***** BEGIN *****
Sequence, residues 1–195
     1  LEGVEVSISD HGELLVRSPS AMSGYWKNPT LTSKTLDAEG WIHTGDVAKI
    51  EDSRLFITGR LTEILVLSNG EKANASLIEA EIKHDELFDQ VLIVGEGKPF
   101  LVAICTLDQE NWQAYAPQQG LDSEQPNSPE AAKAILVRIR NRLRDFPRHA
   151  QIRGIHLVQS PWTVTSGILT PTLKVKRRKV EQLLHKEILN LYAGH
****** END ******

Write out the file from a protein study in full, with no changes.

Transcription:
Sequence, residues 1–195
     1  LEGVEVSISD HGELLVRSPS AMSGYWKNPT LTSKTLDAEG WIHTGDVAKI
    51  EDSRLFITGR LTEILVLSNG EKANASLIEA EIKHDELFDQ VLIVGEGKPF
   101  LVAICTLDQE NWQAYAPQQG LDSEQPNSPE AAKAILVRIR NRLRDFPRHA
   151  QIRGIHLVQS PWTVTSGILT PTLKVKRRKV EQLLHKEILN LYAGH